Portrait of a Nation: The teenager flying flag for women in male industry

Emirati Leila Al Bashr is the only female quay crane operator at Khalifa Port and took the job determined not to be put off by men’s domination of the industry.

Emirati Leila Al Bashr is delighted to be working as a crane operator at Khalifa Port in Abu Dhabi. Christopher Pike / The National
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ABU DHABI // Bubbly teenager Leila Al Bashr is something of a trailblazer – the 19-year-old Emirati is the only female quay crane operator at Khalifa Port container terminal.

When the high school graduate told her family she wanted to embark on a career in the predominantly male industry, they were apprehensive.

“Initially they were surprised and resisted my decision to join Abu Dhabi Terminals as a crane operator,” Leila said.

“No one from the family, not even friends, had done this job.

“It was something that was unimaginable but, luckily, within days I was able to convince them and today they are very proud of me.”

Leila, the only female crane operator after the first woman left, said her decision proved that women can do anything.

“Just because you are a woman does not mean you can do only specific jobs,” she said.

“I want to show the world that, if there is commitment, then the sky is the limit. If I can do this, all women can do this.”

Before taking the crane driver’s seat, Leila went through more than eight months of training at Abu Dhabi Terminals and said that other staff gave her loads of encouragement.

“My presence has changed the perception [of a crane operator],” she said.

“The other crane operators have been so supportive. They always encourage me and appreciate my hard work.

“I must say I am really pampered by my co-workers in the field.”

Her crane is a heavy-duty piece of equipment; it is 126.5 metres tall and has a reach of 65m.

“As a crane operator, I load and discharge containers from those large container vessels docked at Khalifa Port and place them on the assigned places at the terminal,” she said.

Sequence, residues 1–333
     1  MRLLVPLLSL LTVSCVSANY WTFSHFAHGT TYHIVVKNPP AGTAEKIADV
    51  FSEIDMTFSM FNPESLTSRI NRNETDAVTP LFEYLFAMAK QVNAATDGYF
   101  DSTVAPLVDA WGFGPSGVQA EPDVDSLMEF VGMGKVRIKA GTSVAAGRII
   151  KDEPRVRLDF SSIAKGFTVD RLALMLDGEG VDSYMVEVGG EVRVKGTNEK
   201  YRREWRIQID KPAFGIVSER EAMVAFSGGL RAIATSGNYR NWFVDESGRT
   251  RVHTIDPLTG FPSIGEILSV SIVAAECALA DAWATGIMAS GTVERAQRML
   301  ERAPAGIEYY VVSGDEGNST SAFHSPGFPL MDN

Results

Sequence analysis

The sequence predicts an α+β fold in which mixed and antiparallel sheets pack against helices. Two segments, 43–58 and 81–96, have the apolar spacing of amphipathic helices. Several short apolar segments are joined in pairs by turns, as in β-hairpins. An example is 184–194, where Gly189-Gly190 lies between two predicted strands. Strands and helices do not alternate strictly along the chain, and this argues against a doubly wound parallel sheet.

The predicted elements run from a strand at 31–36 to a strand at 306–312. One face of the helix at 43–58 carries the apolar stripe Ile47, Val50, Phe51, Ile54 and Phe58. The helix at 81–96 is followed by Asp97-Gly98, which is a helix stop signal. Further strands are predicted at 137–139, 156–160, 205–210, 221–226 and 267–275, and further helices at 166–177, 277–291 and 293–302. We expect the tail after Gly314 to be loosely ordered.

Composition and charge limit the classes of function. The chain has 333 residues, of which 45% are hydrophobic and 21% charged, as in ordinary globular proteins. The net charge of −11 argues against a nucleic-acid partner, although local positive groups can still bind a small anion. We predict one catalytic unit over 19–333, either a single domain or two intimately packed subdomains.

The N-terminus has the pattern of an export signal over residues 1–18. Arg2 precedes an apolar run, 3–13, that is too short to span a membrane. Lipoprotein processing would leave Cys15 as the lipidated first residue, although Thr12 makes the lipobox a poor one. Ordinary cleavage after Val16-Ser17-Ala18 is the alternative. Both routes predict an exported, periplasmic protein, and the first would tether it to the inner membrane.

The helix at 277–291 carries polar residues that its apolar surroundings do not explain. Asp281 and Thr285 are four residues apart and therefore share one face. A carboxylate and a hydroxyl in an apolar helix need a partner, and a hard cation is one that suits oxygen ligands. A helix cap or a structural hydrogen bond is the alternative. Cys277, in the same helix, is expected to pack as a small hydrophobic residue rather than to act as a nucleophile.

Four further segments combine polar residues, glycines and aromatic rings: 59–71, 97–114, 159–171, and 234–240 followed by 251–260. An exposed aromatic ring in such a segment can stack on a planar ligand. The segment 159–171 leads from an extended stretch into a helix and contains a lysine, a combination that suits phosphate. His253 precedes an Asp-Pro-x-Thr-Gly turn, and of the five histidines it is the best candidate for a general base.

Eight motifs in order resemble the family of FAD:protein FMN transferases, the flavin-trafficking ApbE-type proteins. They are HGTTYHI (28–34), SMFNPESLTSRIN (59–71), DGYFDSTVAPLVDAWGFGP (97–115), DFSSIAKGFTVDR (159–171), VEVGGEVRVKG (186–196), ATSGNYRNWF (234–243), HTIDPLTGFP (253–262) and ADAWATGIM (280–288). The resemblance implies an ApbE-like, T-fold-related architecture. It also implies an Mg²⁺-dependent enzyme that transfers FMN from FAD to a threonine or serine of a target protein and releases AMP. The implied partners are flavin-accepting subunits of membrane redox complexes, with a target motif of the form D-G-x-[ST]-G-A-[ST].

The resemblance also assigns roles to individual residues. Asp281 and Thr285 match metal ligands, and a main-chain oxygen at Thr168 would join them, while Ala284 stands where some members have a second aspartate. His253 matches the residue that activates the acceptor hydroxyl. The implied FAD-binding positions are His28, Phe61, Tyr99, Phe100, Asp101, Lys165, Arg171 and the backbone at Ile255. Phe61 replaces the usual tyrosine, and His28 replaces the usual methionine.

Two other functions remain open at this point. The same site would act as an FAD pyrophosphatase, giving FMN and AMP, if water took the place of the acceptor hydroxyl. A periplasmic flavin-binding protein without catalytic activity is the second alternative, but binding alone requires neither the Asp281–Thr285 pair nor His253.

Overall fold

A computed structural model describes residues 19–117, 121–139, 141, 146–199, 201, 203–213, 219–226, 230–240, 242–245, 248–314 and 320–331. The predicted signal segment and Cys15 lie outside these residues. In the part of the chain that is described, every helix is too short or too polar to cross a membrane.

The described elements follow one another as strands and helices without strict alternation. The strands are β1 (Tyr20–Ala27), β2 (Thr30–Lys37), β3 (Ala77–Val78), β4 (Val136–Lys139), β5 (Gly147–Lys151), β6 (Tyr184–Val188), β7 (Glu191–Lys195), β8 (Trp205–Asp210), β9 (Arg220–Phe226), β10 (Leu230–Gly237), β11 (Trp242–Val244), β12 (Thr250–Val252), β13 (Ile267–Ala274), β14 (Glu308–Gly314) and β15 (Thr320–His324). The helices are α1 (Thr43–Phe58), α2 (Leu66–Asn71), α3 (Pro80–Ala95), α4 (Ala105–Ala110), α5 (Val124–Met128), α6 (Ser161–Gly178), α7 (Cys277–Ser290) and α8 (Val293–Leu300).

Despite the scale of the equipment she operates, Leila said it was not a physical job but a technical one.

“It is wrong to think that I need physical strength to pick up these 1,000-tonne boxes,” she said.

“I am a technical operator who uses a machine to do the required job.

“For that, the operator has to have excellent reflexes and the right training.”

While there is a lot of repetition in the work she does, Leila said it was “exciting”. “We have to take so many factors into consideration,” she said.

“For example, the weather – heat, wind, fog – and the placement of the containers on a vessel. Every day, every shift brings new challenges. It is not a monotonous job. My job is pretty exciting.”

After more than a year at the port, she sees crane operation as a career rather than a job.

“I am very happy with what I am doing,” she said.

“I want to complete my higher studies to enhance my skills. I want to pursue career growth.”

Despite being proud to be the only female Emirati crane operator, Leila does not want to retain that title and hopes other women will join her.

“I love my job and will, Inshallah, pursue my career,” she said.

“I want to be an inspiration to all young women, in the country and across the world.

“I really hope that it will inspire more Emirati women to take up roles that are unique for ladies.”

akhaishgi@thenational.ae